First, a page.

NBA stars Carmelo Anthony, LeBron James, Chris Paul and Dwyane Wade joined forces as they walked onto the starkly lit stage Thursday night to ask their fellow athletes to help make a difference.
“The urgency to create change is at an all-time high,” Anthony said.
His speech comes days after he posted on social media and asked other athletes to “step up” and do something about the system.
First off let me start off by saying " All Praise Due To The Most High." Secondly, I'm all about rallying, protesting, fighting for OUR people. Look I'll even lead the charge, By Any Means Necessary. We have to be smart about what we are doing though. We need to steer our anger in the right direction. The system is Broken. Point blank period. It has been this way forever. Martin Luther King marched. Malcolm X rebelled. Muhammad Ali literally fought for US. Our anger should be towards the system. If the system doesn't change we will continue to turn on the TVs and see the same thing. We have to put the pressure on the people in charge in order to get this thing we call JUSTICE right. A march doesn't work. We tried that. I've tried that. A couple social media post/tweet doesn't work. We've all tried that. That didn't work. Shooting 11 cops and killing 5 WILL NOT work. While I don't have a solution, and I'm pretty sure a lot of people don't have a solution, we need to come together more than anything at this time. We need each other. These politicians have to step up and fight for change. I'm calling for all my fellow ATHLETES to step up and take charge. Go to your local officials, leaders, congressman, assemblymen/assemblywoman and demand change. There's NO more sitting back and being afraid of tackling and addressing political issues anymore. Those days are long gone. We have to step up and take charge. We can't worry about what endorsements we gonna lose or whose going to look at us crazy. I need your voices to be heard. We can demand change. We just have to be willing to. THE TIME IS NOW. IM all in. Take Charge. Take Action. DEMAND CHANGE. Peace7 #StayMe7o
“I’m calling for all my fellow ATHLETES to step up and take charge. Go to your local officials, leaders, congressman, assemblymen/assemblywoman and demand change,” he wrote. “There’s NO more sitting back and being afraid of tackling and addressing political issues anymore. Those days are long gone. We have to step up and take charge. We can’t worry about what endorsements we gonna lose or whose going to look at us crazy. I need your voices to be heard. We can demand change. We just have to be willing to.”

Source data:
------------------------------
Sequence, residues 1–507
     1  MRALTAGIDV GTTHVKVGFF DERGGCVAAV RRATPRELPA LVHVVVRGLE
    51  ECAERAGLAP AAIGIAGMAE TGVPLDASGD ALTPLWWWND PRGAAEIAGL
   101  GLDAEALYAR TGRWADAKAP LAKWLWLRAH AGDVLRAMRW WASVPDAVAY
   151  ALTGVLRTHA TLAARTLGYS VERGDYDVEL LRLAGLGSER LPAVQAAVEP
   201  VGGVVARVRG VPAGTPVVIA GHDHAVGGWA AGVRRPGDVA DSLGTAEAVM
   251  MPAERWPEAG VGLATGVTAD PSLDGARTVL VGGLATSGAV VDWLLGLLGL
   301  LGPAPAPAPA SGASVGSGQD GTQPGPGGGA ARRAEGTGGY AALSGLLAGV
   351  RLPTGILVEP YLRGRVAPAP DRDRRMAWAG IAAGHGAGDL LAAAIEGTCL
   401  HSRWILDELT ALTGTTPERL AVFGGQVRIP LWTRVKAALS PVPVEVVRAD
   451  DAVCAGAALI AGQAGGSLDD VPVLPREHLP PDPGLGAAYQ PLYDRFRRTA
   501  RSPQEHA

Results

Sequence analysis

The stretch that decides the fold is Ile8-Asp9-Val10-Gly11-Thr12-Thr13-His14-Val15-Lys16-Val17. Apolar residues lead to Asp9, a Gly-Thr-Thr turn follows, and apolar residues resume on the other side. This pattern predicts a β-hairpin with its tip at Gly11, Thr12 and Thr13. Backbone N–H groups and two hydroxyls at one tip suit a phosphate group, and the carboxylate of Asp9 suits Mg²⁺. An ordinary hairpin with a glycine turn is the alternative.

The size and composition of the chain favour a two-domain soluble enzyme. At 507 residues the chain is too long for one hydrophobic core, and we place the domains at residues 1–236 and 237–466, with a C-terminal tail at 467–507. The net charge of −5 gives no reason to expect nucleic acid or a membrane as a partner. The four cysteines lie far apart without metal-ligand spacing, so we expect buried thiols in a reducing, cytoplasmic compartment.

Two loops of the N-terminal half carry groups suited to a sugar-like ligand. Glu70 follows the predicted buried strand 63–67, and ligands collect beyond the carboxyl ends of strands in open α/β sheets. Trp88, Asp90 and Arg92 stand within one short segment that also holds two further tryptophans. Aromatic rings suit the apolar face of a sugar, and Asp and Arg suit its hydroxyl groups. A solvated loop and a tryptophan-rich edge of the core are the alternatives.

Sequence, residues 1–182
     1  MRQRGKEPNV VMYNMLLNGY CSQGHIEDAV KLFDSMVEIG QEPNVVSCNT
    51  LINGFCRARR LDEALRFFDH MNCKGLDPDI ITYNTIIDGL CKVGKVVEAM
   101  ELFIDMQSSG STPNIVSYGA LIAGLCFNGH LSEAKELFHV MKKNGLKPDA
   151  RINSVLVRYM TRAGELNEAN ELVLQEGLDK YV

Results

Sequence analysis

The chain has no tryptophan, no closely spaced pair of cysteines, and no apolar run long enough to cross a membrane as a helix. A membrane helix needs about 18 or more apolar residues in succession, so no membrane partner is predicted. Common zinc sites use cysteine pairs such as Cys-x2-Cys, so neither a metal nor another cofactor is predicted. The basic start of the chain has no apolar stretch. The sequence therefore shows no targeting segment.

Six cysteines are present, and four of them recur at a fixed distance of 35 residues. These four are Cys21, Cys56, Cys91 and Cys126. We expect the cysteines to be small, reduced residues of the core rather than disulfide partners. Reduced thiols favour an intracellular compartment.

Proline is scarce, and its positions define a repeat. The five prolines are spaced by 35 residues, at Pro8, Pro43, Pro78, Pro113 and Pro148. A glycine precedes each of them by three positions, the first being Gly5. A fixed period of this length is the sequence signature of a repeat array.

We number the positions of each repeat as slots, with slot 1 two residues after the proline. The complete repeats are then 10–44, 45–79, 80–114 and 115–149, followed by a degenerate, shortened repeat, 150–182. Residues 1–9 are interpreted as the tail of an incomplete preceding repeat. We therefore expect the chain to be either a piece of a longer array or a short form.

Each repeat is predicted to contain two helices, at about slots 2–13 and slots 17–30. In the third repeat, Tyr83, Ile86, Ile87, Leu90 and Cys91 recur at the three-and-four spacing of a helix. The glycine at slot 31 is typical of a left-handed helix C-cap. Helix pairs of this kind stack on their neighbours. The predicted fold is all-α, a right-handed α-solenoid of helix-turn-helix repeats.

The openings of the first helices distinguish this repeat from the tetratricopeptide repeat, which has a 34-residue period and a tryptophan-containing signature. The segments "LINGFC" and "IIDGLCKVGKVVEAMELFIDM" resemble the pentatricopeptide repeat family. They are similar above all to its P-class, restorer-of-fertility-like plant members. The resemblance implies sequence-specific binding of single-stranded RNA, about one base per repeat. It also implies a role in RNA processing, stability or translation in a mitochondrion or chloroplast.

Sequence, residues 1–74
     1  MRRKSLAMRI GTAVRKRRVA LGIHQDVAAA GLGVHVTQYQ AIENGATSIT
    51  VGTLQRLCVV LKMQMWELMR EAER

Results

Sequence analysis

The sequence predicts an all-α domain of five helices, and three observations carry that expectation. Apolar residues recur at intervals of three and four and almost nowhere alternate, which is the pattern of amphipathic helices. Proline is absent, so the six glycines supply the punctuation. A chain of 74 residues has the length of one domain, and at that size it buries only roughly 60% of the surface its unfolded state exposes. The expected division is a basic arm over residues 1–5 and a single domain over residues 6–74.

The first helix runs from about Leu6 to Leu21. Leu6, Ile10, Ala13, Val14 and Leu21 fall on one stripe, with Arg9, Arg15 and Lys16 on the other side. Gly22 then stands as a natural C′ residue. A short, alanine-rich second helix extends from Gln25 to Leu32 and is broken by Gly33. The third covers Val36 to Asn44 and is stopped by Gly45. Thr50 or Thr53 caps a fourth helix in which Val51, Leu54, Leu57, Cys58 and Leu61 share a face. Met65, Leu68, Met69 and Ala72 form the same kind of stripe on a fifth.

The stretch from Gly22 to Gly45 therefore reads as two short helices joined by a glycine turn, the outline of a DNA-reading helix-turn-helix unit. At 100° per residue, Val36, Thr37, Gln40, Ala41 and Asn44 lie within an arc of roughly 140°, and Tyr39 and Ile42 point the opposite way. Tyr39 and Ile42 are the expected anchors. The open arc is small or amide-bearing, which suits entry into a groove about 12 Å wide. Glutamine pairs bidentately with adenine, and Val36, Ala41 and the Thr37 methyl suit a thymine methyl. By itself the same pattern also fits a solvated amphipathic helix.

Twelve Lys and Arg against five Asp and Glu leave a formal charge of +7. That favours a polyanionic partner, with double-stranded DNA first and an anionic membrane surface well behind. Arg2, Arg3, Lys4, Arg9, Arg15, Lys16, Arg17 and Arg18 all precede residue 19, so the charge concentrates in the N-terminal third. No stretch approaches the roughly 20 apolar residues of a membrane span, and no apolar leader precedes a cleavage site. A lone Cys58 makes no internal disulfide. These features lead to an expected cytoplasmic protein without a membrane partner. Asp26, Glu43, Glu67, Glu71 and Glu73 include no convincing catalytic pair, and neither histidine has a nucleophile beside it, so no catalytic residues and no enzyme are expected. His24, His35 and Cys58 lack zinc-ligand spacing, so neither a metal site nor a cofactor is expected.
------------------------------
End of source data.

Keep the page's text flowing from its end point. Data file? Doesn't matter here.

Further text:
On Thursday night, The New York Knicks forward's message was the same but now reverberated through the giants of the sports world.
Paul, the LA Clippers point guard and nephew of a police officer, read the names of the victims of police brutality and asked for those in the room to take a stand so another life will not be taken.
Newly-signed Chicago Bull Dwyane Wade carried the dispatch Paul started, saying: “The racial profiling has to stop. The shoot to kill mentality has to stop. Not seeing the value of black and brown bodies has to stop. But also, the retaliation has to stop. The endless gun violence in places like Chicago, Dallas, not mention Orlando, it has to stop. Enough. Enough is enough.”
According to ABC News reporter T.J. Holmes, the four athletes asked ESPN and parent company ABC to open the show this way.
The start of the show was not a network idea. LeBron, Carmelo, CP3, and D-Wade approached the network and asked to open the show. #ESPYS— T.J. Holmes (@tjholmes) July 14, 2016
As the basketball stars stood side-by-side, LeBron James , fresh off his NBA Championship win, brought the message home, saying, “it’s time to look in the mirror and ask ourselves: ‘What are we doing to create change?’”
He urged fellow athletes to “go back to our communities, invest our time, our resources, help rebuild them, help strengthen them, help change them. We all have to do better.”
Prior to the ceremony, NBA hall of famer and current basketball analysist Charles Barkley spoke to Inside Edition about how society needs to change.
“It is not a simple fix,” he said. “We all must come together…You can’t always blame other people. There is too much yelling and screaming going on.”